Friday, November 28, 2014

Water folly editorial

12/4/2013

The recent guest editorial by The Hutchinson News, republished in Saturday’s Herald, purporting the Kansas Aqueduct Project as a terrible solution for southwest Kansas water shortages was interesting. Setting aside the fact that the present work has state-wide purposes beyond the 1982 study, the opinion piece suggests Kansas should stay away from the expense of compact agreements that protect the interests of the state. And, if agreements are violated, don’t spend money enforcing them. The editorial writers believe irrigation-based agriculture is a waste of water, and that alleviating flooding should be at no expense to Kansans. The editorial itself might be fearfully uninformed and not helpful to Kansas interests.

Efficient water use provides effective economic value for Kansas. It is not waste when water is made available to those who are skilled in efficiently converting it into the abundant food and energy that most people value. There is a reason center pivot irrigated fields are in the Missouri River floodplain at White Cloud and all across Kansas. The annual economic value of irrigation to Kansas above dry land value may be in the trillions of dollars using recent figures from the Kansas Department of Agriculture. The world our Kansas kindergarten-age children soon will face when they graduate from high school might have an additional billion people to feed. Intensified irrigation-based agriculture in Kansas necessarily can play a key role in meeting that stewardship challenge.  

The recent guest editorial by The Hutchinson News, republished in Saturday’s Herald, purporting the Kansas Aqueduct Project as a terrible solution for southwest Kansas water shortages was interesting. Setting aside the fact that the present work has state-wide purposes beyond the 1982 study, the opinion piece suggests Kansas should stay away from the expense of compact agreements that protect the interests of the state. And, if agreements are violated, don’t spend money enforcing them. The editorial writers believe irrigation-based agriculture is a waste of water, and that alleviating flooding should be at no expense to Kansans. The editorial itself might be fearfully uninformed and not helpful to Kansas interests.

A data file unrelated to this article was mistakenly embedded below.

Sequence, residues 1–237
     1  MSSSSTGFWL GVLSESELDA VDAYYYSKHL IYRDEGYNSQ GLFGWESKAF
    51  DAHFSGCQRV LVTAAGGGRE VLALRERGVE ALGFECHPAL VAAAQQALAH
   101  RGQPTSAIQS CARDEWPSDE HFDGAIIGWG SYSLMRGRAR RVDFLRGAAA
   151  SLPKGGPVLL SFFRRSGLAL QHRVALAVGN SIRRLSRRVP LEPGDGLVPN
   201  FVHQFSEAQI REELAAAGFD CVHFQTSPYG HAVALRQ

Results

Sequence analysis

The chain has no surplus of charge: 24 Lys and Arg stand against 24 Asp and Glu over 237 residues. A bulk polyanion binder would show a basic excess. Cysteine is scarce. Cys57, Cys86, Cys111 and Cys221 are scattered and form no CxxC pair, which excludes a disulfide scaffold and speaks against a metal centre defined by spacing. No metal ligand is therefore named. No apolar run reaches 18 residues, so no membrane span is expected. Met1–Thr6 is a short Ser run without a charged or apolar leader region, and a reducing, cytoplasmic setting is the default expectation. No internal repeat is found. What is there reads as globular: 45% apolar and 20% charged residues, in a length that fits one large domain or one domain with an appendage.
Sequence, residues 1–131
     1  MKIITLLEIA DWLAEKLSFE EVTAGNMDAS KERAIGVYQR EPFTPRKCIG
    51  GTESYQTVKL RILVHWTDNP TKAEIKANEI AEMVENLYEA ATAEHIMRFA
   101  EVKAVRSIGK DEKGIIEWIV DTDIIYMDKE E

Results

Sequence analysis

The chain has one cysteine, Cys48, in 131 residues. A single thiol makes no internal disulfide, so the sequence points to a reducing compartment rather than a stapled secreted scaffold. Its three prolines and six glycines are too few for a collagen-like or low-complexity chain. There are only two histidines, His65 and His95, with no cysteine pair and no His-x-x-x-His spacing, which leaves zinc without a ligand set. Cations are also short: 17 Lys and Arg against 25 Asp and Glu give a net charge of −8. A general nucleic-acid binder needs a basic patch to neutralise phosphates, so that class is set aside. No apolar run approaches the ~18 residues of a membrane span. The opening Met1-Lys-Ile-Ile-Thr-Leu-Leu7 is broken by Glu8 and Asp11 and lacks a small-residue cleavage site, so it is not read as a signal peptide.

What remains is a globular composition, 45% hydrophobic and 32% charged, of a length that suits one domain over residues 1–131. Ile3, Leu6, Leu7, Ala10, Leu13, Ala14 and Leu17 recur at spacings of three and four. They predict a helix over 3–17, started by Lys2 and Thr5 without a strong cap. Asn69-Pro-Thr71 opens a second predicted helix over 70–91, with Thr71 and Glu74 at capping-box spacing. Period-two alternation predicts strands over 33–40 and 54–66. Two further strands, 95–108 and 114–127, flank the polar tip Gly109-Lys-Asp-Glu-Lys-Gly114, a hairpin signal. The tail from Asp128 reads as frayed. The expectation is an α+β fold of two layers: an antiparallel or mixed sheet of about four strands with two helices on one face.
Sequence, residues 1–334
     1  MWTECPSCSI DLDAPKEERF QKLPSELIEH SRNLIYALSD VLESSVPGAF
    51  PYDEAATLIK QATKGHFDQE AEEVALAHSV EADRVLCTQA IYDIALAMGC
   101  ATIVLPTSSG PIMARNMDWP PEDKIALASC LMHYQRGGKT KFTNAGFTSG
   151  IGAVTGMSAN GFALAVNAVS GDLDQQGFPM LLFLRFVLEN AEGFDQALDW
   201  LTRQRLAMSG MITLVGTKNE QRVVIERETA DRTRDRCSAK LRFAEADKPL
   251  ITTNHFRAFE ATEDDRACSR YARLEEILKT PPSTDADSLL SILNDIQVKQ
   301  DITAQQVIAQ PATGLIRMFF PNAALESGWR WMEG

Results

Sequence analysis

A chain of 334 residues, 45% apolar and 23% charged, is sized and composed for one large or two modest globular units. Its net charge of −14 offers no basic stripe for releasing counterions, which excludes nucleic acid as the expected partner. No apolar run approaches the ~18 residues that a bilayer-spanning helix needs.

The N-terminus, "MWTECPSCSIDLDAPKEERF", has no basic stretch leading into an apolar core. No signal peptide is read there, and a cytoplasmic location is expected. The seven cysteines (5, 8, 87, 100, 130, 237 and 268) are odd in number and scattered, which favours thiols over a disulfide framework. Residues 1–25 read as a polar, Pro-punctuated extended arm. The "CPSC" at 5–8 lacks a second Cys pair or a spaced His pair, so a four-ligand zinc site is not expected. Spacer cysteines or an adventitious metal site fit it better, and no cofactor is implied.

Efficient water use provides effective economic value for Kansas. It is not waste when water is made available to those who are skilled in efficiently converting it into the abundant food and energy that most people value. There is a reason center pivot irrigated fields are in the Missouri River floodplain at White Cloud and all across Kansas. The annual economic value of irrigation to Kansas above dry land value may be in the trillions of dollars using recent figures from the Kansas Department of Agriculture. The world our Kansas kindergarten-age children soon will face when they graduate from high school might have an additional billion people to feed. Intensified irrigation-based agriculture in Kansas necessarily can play a key role in meeting that stewardship challenge.  

Indeed, what might be irresponsible in Kansas water management and the true waste of water occurs annually as Kansas loses surface water runoff in rivers flowing to the Gulf of Mexico in an amount 15.5 times what is used from our aquifers. Conserving part of that lost renewable supply to sustain Kansas in a climate shifting future is a vital action to consider while Kansas still can.

Gov. Sam Brownback knows the huge Kansas economy that is based on unsustainable water sources and is encouraging local action for water conservation. His message also is for sustaining the water dependent economic benefits for Kansas. Big cuts to groundwater use without an alternative supply will only hasten a withering of the Kansas economy and displace whole communities.  

Big water costs for Kansas are inevitable in every water supply option, including doing nothing. The statewide conversation to evaluate a Kansas Aqueduct Project can weigh the costs and benefits to grow our neighborhood water interests and a statewide economy. We should be patient and intentional to review every option and try to inform any local confusion of what is water waste or fear of water folly.   

A wise visioning for Kansas water will necessarily include a careful study process in some derivative form of a Kansas Aqueduct Project. We encourage you to undertake some good water visioning outside of your water closet and consider how a portion of the wasted surface water may provide the good life you can imagine for your area of Kansas.

— Mark Rude,

executive director,

Southwest Kansas Groundwater

Management District No. 3,

Garden City

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